I'm pretty amazed by justified (Justin timberlake)..
    That cd is LOUD!!! but I ( A mere broadcast audio mixer, no authority on mastering i must admit) don't hear any clipping or pumping going on...The bass on that album is also really fantastic..(Herb powers jr. @ hit factory did it)
  16. Ammitsboel

    Ammitsboel Guest

    Are you sure you don't hear any pumping?...
  17. Ammitsboel

    Ammitsboel Guest

    PLease take a look at this interesting reading:

    And here they are also referring to coments on this thread!!!:

    Best Regards
  18. p0llen_p0ny

    p0llen_p0ny Guest

    Worst Mastering

    Hmmmm... Where should I begin.

    I think it's a tie between The Rolling Stones Forty Licks (greatest hits collection) remastered by Stephen Marcussen and the 2000 remaster of Stevie Wonder's "Songs In The Key Of Life" (1976).. Both masters have been screwed with far too much. The first issue CD version of Stevie's sounds much more natural and musical. Same with the Stones "Hot Rocks" compilation. If it ain't broke....

    A few of the latest Hendrix remasters are horribly mid-rangy and just awful sounding. Amputated peaks all over the place. Really a shame because they finally got a hold of the original masters for this release. George Marino at Sterling Sound is responsible for this. Disappointing. However, the Band Of Gypsys Live At Fillmore East (2CD) sounds dramatically better.

    The 1996 "24 bit" remaster of The Doors catalogue is a laugh. Strange that they didn't issue them as HDCD. Just regular 16 bit. I'm beginning to think dithering has a role to play in bad sounding CDs. I'm buying back my old Doors CDs as I can't listen to the remasters. Anyone want to buy a boxed set?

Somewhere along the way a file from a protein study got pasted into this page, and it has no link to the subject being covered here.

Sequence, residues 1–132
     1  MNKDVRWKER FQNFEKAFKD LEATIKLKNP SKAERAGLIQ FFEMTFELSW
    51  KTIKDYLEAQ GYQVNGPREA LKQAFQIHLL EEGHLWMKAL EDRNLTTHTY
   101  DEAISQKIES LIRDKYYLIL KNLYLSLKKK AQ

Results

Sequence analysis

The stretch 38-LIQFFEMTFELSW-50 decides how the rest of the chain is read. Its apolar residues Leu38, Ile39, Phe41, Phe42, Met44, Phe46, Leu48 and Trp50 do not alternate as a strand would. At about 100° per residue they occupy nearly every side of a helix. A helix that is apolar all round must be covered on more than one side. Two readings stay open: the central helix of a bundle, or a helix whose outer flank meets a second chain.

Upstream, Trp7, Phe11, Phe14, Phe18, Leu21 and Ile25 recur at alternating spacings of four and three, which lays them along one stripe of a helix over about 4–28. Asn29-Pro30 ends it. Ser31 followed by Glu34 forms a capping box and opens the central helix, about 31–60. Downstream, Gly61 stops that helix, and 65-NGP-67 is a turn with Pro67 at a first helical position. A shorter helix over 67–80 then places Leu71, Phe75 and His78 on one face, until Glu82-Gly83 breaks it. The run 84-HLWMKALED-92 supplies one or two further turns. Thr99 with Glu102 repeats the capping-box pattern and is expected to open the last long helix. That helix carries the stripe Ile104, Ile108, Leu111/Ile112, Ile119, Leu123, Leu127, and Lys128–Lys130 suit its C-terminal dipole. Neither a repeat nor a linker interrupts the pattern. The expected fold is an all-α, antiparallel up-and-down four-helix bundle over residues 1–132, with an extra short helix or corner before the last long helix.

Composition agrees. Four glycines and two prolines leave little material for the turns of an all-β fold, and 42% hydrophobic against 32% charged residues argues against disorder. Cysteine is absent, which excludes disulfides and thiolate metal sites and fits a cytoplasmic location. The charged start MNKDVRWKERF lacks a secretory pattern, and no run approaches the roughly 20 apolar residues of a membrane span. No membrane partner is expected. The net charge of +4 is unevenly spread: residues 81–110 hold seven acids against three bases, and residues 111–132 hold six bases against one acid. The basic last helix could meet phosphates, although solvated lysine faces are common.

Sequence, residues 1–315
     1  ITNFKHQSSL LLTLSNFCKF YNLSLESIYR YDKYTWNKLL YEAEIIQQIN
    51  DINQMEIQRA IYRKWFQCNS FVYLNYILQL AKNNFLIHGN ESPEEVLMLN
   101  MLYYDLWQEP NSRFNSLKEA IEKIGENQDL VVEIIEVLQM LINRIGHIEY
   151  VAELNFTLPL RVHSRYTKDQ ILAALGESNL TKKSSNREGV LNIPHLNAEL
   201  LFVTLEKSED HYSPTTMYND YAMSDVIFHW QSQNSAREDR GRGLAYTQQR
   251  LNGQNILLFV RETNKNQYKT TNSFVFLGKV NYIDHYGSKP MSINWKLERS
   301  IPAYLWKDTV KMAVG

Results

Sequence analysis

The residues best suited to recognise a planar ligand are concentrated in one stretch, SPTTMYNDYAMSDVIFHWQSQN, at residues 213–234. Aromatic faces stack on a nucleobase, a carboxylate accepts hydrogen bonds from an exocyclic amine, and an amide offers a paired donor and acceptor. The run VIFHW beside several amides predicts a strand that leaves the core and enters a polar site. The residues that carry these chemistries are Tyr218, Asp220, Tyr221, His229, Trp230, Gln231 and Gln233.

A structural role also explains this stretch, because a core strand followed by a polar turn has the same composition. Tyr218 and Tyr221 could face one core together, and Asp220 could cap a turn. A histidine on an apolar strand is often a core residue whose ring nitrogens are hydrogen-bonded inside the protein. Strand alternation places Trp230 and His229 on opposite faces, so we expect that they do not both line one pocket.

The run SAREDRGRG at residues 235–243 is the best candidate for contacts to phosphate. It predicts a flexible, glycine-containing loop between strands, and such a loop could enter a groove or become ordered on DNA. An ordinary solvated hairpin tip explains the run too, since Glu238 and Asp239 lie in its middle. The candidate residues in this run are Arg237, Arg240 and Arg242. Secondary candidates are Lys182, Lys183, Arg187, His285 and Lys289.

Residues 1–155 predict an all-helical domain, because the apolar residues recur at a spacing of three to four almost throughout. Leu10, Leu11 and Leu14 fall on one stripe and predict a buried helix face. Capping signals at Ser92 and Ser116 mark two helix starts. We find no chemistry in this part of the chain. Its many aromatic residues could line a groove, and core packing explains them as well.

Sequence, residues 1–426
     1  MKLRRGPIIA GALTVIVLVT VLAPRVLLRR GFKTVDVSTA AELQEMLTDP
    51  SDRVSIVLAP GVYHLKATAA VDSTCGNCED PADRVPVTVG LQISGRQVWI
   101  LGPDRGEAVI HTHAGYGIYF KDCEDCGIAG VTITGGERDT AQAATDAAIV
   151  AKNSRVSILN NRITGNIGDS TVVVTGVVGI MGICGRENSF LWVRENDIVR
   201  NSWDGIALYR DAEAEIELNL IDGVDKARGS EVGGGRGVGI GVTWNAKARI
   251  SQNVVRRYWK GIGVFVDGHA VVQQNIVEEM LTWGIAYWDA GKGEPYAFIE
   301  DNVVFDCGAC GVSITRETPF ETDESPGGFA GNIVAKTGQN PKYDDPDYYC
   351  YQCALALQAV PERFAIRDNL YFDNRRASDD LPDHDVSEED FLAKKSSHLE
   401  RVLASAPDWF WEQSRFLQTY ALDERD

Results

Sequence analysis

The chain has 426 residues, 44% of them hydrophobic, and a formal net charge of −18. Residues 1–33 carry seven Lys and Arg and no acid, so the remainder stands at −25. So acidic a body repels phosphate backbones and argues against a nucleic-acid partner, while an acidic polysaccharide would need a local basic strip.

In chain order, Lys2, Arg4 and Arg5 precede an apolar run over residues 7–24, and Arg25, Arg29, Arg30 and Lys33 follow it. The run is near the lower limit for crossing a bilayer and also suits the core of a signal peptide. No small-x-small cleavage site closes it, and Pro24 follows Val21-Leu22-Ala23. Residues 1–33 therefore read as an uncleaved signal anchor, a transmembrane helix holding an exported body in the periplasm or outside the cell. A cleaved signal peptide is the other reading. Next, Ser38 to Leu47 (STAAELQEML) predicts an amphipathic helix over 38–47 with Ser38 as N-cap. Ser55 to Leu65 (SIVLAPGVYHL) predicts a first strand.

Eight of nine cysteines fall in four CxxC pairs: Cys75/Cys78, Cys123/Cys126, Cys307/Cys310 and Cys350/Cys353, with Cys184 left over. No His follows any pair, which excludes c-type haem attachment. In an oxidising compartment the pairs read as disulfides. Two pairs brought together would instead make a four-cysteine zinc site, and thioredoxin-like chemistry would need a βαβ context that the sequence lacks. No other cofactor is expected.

Same goes for the Cream remasters. Again... I'm buying back my old Cream cds. UV22 is evil I tell you!!

    The Led Zeppelin remasters are listenable but I seem to remember my old Zep CDs sounding a little warmer. Bit too much hi-midrange for my tastes and not enough bass. Then again, it was remastered in 1990 by George Marino at Sterling Sound. Back when it seemed all things analog should be avoided at any cost. Cold sounding and hard to listen to. Recommended bass setting: +7 ... Treble: -5 :wink:
    PS: Don't be fooled by the later Zep compilations like the Early / Latter Days set. Still the same stuff from '90.

    The Police - Message In A Box (1996)
    Astonishingly weak sounding and very irritating in places. Thankfully I only borrowed this set. They've since remastered everything again. Haven't heard them though.

    Other garbage to avoid:
    Let It Be... Naked.
    I really, really tried to like this one.
    Remixed in ProTools and slapped together. Absolutely no character. A couple of tracks are from completely different takes than the original. They made the curious decision to edit out all the intro/outro chatter... assumingly to make this into a "real" album like Paul wanted. Should have been renamed "Won't Let It Be".